What's the 'Desert' in 'Desert Island'?
It's not a desert—it's deserted
Desert island can be a confusing phrase. Most people probably assume that it can only be a hot, sandy place with a palm tree or two, [an impression supported by countless New Yorker cartoons and TV commercials, conforming with the definition of desertplay as “arid land with usually sparse vegetation and hot temperatures.” We assume that the desert in desert island is the noun desert. In fact, the definition is simply "an island where no people live," so the desert in desert island is actually an archaic form of deserted: it refers to an island that is uninhabited, not one that is covered with sand (with the obligatory palm tree).
Desert and deserted share etymological roots from the Latin word desertus, which means “abandoned” or “deserted.” These English words date back to the 1200s, whereas the verb to desert, meaning “to abandon,” didn’t enter English until some 400 years later (with a detour through French). Therefore, although we might think of the essential qualities of a desert are sand and heat, the word truly refers to the lack of anything else, particularly people or cultivated land. Going back further into the word’s history, we see that desertus comes from de (“not”) + serere (“to join” or “to link together”)—it means “not joined” or “disconnected” from population and civilization and corresponds to the dictionary definition labeled archaic: “a wild uninhabited and uncultivated tract.” It’s obvious that the idea of the noun desert has blended with the adjective desert meaning “deserted” in the minds of most English speakers.
It’s clear in some early modern contexts that desert is used adjectivally to mean “uninhabited”:
The rest of the circumjacent islands are desert, or meanly inhabited by a few fishing people, but all of them stor’d with an abundance of Deer.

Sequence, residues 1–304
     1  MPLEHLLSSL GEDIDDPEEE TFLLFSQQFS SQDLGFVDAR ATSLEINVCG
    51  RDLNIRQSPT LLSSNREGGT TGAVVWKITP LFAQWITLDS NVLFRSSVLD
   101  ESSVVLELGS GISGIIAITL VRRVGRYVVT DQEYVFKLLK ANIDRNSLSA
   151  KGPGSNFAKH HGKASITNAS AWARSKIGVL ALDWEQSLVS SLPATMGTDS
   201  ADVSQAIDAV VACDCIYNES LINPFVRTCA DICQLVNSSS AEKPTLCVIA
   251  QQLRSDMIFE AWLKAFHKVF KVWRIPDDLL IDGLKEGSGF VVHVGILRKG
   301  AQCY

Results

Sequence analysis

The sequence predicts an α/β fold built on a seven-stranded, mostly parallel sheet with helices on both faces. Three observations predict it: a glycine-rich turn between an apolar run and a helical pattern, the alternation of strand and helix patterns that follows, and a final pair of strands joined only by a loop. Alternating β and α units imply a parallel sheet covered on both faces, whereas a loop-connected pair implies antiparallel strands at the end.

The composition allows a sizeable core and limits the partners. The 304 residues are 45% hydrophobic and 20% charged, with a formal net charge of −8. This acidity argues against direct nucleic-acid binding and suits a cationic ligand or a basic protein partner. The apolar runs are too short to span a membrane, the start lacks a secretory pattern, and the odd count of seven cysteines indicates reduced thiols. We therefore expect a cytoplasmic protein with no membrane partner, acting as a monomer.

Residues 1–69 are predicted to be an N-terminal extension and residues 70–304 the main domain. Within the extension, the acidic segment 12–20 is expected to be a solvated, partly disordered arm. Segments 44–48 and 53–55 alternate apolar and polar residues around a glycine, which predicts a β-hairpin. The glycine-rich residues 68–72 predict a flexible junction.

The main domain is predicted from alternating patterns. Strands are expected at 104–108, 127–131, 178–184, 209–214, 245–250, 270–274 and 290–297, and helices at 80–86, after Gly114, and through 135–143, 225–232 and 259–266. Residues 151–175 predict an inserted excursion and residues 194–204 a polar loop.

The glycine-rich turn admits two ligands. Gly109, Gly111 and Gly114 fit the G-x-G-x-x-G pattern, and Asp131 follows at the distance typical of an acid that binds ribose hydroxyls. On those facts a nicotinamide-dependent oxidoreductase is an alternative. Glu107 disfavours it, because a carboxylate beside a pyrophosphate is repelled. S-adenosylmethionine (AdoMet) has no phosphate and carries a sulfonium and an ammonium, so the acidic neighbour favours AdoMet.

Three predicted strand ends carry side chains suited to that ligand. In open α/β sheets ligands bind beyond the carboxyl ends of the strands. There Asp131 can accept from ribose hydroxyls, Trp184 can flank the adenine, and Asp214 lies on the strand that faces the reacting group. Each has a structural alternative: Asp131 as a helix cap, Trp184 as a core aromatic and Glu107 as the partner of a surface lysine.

—Philosophical Transactions of the Royal Society of London, Volume 10, 1701
It’s also clear that desert island soon became a metaphor for “isolated place”; a play called The Desert Island was performed in London in the 1760s. This is a passage from its preface:
Your Bard to-night, bred in the ancient school, Designs and measures all by critic rule; ‘Mongst friends it goes no farther—He’s a fool. So very classic, so very dull, His Desert Island is his own dear skull.
—Pietro Bonaventura (translated by Arthur Murphy), The Desert Island, 1762
In the introduction to this play, the setting is described in terms that make it clear that this “Desert Island” is by no means arid and hot:
The Scene represents a Vale in the Desert Island, surrounded by Rocks, Caverns, Grottos, Flowering Shrubs, Exotic Trees, and Plants growing wild.
Indeed, the original Italian title of The Desert Island is L’Isola Dishabitata, which literally translates as “uninhabited island.” Daniel Defoe’s Robinson Crusoe has a chapter called “Wrecked on a Desert Island," a location that is clearly not a desert. Since there were native inhabitants in Defoe's novel, this use of the term, as well as the first quotation given in the Oxford English Dictionary, which refers to "many desart Islandes inhabited of wilde men," shows that "uninhabited" was used to mean "uninhabited by Europeans" for a long time.
There are other similar archaic forms of adjectives that are still used in specific instances in English: think of roast beef (instead of “roasted beef”).
The idea of a desert island as the perfect place to bring a record player and be alone with your favorite music (electricity worries notwithstanding) began in 1942, when the BBC began its show “Desert Island Discs” (the show is still running today). But even earlier, the idea that isolation provides a reason to choose one’s favorites was expressed in a quotation from 1930 in the OED: “I think I should choose it as my desert-island opera.”
The desertplay meaning “something deserved,” as in “They got their just deserts,” is an unrelated word that comes from the same French root as deserve. And dessertplay meaning “sweet food eaten after a meal” comes from the French verb desservir, which means “to unserve” or “to clear the table”—it’s what comes after the main plates are taken away.